Preparing for accidents that will happen, guaranteed

Questions and advice on our common fear that something will go wrong

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by James Clingman |

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Accidents can and will happen. Do you have a plan for when they do?

The two accidents I’ve feared the most since being debilitated with ALS are getting scalded in the shower and smashing my toes against the wall or any other object when I’m in my wheelchair.

I saw a YouTube video about a young ALS patient whose feet were immersed in water that was too hot, but he couldn’t get the caregiver’s attention to remove his feet from the water. He suffered serious burns from that accident.

I’ve had a couple of minor hot water issues, and smashed toe accidents, too; fortunately, I had no long-term effects. Still, one emotion that accompanies being totally vulnerable is fear. It’s always there, lurking in the shadows and ready to jump out anytime.

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My recent thoughts on accidents and incidents have turned to other possibilities — namely, that something could happen to our caregivers. While leaning back in the shower one day, I thought about my attendant slipping and hitting her head. What would I do if she were unconscious? How would I right myself? I can’t lean back for too long because of my shallow breathing and weak diaphragm. I need my Trilogy breathing equipment during extended periods of being on my back.

A myriad of accidents can happen to patients and caregivers. How can we reasonably prepare for those contingencies? During the few times most ALS patients are alone, any number of life-changing events can occur.

I saw a video of a man whose wife takes care of him. After attending to him, she left him alone in his wheelchair for what she thought would be a relatively short period of time. When she returned, he was slumped forward with his head leaning down, which made it hard for him to breathe. His wife said he would’ve died had she not come back when she did.

One of my constant thoughts and concerns is about my wife having an accident either when she’s home or away. She’s been my primary caregiver. If she were unable to do that any longer, it’d be catastrophic. I have no other family members or friends who could step in to fill the void, so I’d thus be relegated to a nursing facility, in which I’d spend my last days.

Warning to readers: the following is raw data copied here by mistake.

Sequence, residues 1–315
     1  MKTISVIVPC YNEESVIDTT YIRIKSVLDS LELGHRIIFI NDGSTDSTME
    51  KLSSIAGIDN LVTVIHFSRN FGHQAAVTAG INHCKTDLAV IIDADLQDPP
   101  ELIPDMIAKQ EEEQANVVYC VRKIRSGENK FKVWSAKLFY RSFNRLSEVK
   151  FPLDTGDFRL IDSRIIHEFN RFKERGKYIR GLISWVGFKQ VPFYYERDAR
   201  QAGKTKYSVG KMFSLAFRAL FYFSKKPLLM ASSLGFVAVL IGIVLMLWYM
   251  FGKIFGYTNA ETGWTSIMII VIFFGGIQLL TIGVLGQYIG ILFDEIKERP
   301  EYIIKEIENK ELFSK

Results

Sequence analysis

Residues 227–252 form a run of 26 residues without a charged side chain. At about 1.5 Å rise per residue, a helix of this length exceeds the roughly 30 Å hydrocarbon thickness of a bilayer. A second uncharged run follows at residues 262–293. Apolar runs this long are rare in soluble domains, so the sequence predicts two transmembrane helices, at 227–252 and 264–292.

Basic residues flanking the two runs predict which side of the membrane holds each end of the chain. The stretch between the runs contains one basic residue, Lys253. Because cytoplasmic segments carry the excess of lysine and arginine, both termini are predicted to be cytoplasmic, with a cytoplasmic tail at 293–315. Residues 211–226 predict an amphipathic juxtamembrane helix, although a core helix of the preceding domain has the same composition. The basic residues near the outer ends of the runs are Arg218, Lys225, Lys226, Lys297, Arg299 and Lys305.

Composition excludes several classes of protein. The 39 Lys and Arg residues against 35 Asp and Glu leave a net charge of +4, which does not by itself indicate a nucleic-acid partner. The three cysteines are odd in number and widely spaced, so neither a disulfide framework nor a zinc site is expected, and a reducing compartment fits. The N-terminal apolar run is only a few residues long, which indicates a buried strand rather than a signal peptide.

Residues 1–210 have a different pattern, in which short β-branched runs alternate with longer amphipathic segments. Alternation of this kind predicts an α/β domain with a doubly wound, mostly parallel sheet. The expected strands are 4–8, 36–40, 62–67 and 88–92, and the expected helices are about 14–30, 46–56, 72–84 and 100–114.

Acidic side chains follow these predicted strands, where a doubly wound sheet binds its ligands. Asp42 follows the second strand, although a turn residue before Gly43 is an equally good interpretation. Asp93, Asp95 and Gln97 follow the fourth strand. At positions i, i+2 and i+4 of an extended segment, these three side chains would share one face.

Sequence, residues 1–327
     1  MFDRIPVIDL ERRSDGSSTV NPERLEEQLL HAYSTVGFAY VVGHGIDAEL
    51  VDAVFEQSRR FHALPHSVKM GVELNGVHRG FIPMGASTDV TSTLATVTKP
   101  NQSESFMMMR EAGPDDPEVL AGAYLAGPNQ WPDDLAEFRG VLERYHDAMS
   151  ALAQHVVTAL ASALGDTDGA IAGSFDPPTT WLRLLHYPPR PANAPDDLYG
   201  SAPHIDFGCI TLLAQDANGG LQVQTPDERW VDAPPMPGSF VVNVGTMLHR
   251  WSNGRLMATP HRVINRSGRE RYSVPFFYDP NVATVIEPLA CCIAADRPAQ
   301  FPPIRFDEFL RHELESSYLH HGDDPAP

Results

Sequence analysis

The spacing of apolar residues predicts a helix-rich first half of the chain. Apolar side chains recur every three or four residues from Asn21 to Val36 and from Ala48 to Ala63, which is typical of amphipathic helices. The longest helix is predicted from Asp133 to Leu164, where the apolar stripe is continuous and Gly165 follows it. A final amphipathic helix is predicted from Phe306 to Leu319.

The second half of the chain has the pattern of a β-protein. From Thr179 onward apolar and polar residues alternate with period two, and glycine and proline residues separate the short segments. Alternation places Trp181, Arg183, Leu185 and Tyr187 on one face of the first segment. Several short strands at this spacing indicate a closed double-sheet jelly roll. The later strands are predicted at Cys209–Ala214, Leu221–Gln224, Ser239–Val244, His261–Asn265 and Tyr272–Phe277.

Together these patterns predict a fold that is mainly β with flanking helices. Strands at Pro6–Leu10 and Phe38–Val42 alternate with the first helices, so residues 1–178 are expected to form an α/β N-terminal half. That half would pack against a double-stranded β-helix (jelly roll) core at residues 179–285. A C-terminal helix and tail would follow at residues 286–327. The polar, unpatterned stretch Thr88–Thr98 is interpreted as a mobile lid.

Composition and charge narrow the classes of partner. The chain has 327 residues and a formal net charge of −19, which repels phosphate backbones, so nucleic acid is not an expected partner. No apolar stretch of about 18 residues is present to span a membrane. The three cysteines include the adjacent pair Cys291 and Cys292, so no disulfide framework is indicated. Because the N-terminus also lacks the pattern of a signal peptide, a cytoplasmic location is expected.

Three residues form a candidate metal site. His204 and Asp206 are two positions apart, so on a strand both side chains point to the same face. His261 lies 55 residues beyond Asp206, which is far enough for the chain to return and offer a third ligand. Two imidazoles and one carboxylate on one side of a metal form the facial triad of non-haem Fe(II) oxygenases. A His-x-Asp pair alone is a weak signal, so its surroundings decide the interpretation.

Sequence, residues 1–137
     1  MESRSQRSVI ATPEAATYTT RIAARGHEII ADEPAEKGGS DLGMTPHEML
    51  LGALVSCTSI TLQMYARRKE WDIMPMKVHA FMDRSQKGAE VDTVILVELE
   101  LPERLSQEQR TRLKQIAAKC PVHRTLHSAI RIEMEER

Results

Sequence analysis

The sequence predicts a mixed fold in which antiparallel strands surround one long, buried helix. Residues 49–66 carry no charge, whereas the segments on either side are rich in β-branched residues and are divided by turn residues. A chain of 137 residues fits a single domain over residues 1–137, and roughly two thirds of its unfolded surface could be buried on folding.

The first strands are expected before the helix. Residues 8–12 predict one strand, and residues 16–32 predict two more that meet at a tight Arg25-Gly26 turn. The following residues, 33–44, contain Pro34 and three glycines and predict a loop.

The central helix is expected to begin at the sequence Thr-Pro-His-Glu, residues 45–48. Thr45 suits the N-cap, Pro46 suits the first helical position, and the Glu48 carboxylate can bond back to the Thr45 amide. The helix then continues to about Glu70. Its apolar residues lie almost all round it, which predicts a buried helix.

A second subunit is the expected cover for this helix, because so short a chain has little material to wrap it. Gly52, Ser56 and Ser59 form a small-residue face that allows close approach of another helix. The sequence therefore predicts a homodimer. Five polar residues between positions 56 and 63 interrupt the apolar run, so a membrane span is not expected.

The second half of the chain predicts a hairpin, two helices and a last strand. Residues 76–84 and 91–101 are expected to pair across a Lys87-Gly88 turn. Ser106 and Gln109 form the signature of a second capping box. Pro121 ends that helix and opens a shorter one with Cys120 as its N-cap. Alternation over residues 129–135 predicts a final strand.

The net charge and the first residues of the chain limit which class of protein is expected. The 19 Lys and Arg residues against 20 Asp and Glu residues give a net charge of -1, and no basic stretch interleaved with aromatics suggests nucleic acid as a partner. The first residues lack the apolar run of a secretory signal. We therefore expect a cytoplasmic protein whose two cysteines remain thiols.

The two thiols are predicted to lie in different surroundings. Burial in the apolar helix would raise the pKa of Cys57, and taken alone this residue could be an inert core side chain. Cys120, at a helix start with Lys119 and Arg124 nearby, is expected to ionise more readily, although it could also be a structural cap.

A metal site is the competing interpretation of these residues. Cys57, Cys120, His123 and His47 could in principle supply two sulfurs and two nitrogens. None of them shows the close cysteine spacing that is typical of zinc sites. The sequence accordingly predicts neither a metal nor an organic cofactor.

Readiness with awareness

So accidents, although they can’t all be stopped, must figure in to our plans for what we’ll do in an emergency. Some questions we could face:

How will we contact someone to help us if we find ourselves in an untenable position?

How much can we prepare for the unknown? Is there a way for the fire department to know that you have ALS and require priority response? Is there a neighbor who can check on you regularly? Do you have a backup plan for power outages?

What would we do if our lifelines malfunction — meaning our cellphones and eye-gaze computers? Is there some hands-free, voice-activated device available in our area? Some of us have no or few emergency resources, especially proactive resources, that we can depend on.

Here’s some advice that may help you prepare.

You should do a situational analysis of your environment to identify your weaknesses and then address each one. For instance, should caregivers have an accident and be immobile but conscious, a push-button emergency device would be a good tool for them.

Second, you should have a visible note in your car to the police or fire department, advising them that you’re at home with ALS and need help. How about an alarm in the house that sounds every 10 minutes or so to alert the caregiver that you’re alone and should be checked? Last one: If it’s allowed in your community, install an outside alarm or an LED light that flashes to alert passersby.

This issue is a serious one for all ALS patients. When we’re aware that accidents can and will happen, the least we can do is look for ways to ameliorate or mitigate them.

Please share your suggestions below on how to prepare for accidents. And have a safe holiday season.

Note: ALS News Today is strictly a news and information website about the disease. It does not provide medical advice, diagnosis, or treatment. This content is not intended to be a substitute for professional medical advice, diagnosis, or treatment. Always seek the advice of your physician or other qualified health provider with any questions you may have regarding a medical condition. Never disregard professional medical advice or delay in seeking it because of something you have read on this website. The opinions expressed in this column are not those of ALS News Today or its parent company, BioNews, and are intended to spark discussion about issues pertaining to ALS.


John Saltmarsh avatar

John Saltmarsh

I’ve had ALS for 8 years, I have lost the ability to balance, walking without assistance, control my silva & mucus, speaking & swallowing is difficult. My worry is falling over and getting back on my feet.


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